The United Nations General Assembly is set to hold a special session on the world drug problem in Manhattan this week, and those in the cannabis space are watching closely to see whether the meeting could bring any changes in global drug rules.
For decades, international drug policies have focused on the prohibition and criminalization of drug use, an approach that has lead to violence, corruption and mass incarceration. Writing for the Weed Blog, Phillip Smith points out that drug related violence has left at least 100,000 dead in Mexico alone over the past decade. Tens of thousands more have”disappeared.”
Governments, specifically those of Latin American countries, are calling for more evidence-based drug policies, and as Open Society Foundations explains, UNGASS 2016 may be the first time that an international debate on drugs does more than simply reinforce the status quo.

 

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Slow to change

But while the conversation may be open, many are skeptical that the meeting will produce real change. Currently, there are three treaties that effectively enforce global drug prohibition and the UN’s 1998 vision for a “drug free world.” They are:


  • The 1972 Protocol amending the Single Convention on Narcotic Drugs (Single Convention of 1961)
  • The 1971 Convention on Psychotropic Substances (CPS)
  • The 1988 Convention against Illicit Traffic in Narcotic and Psychotropic Substances

None of these treaties are up for discussion in this week’s meeting. As OpenCanada.org notes, in the outcome document that’s being recommended for adoption at the UNGASS “[t]he preamble ‘reaffirms’ and ‘underlines’ the three drug control conventions.”
Still, countries such as the United States have already made moves to legalize cannabis within their own borders, arguing that their changes in policy are still within the bounds of the treaty. Meanwhile, Justin Trudeau has said that Canada will look to legalize cannabis at the federal level, treaties or not.
“This is significant, as any possibilities for reforming the international drug control treaties can only come to bear once countries decide that the treaties are no longer fit for purpose – and that starts with acknowledging that cannabis legalization isn’t permitted,” states OpenCanada.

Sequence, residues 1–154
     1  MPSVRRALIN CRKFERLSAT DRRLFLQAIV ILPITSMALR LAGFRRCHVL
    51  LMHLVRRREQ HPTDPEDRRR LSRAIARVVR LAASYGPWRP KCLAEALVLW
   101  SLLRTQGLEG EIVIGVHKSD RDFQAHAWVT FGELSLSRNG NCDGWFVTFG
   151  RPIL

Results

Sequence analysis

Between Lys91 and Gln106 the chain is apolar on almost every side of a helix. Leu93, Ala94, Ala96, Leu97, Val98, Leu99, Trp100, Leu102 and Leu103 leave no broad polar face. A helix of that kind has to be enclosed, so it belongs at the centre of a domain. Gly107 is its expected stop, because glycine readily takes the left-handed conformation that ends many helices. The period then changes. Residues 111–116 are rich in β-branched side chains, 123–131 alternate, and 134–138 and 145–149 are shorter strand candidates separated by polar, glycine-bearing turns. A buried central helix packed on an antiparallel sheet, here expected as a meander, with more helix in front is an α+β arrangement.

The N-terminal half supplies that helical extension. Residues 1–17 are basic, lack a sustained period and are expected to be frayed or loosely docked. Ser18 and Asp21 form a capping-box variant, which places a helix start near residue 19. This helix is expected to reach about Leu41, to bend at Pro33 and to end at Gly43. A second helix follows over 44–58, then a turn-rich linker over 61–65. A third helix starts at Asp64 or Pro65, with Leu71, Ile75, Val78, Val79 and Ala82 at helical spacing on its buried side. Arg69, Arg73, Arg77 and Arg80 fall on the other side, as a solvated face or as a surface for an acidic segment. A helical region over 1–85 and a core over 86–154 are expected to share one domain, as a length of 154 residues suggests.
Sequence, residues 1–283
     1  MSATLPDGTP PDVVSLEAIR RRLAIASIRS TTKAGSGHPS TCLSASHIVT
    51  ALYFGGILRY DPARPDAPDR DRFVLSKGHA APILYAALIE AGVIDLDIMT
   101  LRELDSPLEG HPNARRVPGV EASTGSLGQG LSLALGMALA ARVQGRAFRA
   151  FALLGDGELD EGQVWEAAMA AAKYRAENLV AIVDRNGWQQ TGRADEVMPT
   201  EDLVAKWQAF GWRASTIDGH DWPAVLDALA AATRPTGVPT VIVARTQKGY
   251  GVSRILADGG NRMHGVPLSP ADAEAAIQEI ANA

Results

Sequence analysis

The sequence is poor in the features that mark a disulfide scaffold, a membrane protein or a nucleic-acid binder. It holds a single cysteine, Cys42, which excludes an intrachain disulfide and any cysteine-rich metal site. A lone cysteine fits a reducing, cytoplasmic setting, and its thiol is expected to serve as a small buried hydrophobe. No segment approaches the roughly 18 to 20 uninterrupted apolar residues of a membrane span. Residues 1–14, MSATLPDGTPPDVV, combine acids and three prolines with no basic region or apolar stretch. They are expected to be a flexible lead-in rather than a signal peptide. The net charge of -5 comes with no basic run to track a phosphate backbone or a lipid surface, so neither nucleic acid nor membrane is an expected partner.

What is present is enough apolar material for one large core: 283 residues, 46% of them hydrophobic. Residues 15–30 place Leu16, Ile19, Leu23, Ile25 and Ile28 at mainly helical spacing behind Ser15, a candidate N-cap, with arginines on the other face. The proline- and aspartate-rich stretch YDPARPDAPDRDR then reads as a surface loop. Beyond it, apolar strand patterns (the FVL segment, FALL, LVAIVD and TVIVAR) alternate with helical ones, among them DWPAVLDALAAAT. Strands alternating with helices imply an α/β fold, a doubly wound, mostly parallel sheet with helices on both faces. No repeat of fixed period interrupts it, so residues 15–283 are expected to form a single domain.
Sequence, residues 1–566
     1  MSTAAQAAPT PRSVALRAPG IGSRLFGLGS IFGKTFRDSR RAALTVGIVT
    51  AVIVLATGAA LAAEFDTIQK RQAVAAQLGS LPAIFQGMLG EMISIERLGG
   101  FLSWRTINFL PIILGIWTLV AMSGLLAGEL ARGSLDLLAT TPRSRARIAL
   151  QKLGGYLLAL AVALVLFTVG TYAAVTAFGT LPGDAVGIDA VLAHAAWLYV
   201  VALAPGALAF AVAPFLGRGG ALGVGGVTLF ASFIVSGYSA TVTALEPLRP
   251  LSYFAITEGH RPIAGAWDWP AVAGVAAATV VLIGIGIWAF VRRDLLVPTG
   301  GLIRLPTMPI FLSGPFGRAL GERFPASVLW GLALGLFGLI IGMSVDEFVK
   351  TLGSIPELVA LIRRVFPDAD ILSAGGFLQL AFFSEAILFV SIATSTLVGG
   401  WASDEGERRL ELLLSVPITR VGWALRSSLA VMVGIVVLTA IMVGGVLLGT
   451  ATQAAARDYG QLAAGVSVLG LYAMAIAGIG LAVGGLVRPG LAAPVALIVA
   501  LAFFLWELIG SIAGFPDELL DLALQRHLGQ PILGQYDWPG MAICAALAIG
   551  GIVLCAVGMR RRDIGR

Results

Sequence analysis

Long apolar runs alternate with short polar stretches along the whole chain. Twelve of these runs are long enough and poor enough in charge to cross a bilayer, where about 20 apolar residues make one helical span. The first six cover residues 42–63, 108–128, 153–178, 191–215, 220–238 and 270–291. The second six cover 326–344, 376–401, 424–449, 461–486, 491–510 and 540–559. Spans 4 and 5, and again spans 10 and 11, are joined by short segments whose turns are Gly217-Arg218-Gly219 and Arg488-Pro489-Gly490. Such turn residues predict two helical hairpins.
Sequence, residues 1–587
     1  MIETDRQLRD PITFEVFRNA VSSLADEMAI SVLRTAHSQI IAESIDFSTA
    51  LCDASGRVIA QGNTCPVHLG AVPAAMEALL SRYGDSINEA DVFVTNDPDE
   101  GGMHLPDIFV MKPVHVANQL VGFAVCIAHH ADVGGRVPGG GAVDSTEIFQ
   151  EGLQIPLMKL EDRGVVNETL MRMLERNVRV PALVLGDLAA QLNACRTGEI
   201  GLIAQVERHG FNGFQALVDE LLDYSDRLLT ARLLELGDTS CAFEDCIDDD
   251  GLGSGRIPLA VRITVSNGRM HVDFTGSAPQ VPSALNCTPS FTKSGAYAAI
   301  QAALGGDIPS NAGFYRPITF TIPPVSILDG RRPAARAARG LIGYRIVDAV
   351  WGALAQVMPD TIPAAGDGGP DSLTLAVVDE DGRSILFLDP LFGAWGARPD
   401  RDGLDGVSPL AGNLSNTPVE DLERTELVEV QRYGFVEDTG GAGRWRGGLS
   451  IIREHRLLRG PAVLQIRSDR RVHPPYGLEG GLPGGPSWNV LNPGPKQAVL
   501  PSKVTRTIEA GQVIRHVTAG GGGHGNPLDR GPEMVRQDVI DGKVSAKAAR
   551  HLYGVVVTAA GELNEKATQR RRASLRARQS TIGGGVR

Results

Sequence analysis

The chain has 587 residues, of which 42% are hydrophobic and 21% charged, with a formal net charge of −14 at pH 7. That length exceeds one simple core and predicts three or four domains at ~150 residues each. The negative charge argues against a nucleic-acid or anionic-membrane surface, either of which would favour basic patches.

What does it mean for investors?

Speaking to the Investing News Network, Alan Brochstein of 420 Investor stated that a change to the treaties could mean big changes for the cannabis space.
Why? “Because you could have a global change in how nations view cannabis,” he said. Brochstein that the treaties mentioned above are outdated, and that many nations moving towards evidence-based policies don’t believe in them anymore.

 

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To be sure, Mexican Senator Laura Angelica Rojas Hernández would agree with that statement.
“There is a lack of recognition of the relative efficacy of demand reduction and harm reduction policies and the absence of an acknowledgement of the high costs that the prohibitionist and punitive approaches have generated,” she was quoted as saying by the Weed Blog. “The international community should continue to work toward the establishment of indicators that could help measure the impact of drug policies on people’s lives and their rights.”
And of course, changes to the treaties could also have an impact for businesses starting to establish themselves in the legal cannabis market. “There’s a really good chance that Canada, Israel, Jamaica, South America [could] be able to export to each other,” should a policy change come through, Brochstein stated. “This could really be an opportunity for countries that are on the verge, of or that have, national programs.”
Certainly, cannabis investors will want to keep an eye on the outcome of the UNGASS, and on any future developments with regards to the treaties mentioned above.
Don’t forget to follow us @INN_Resource for real-time news updates.
 
Securities Disclosure: I, Teresa Matich, hold no direct investment interest in any company mentioned in this article.

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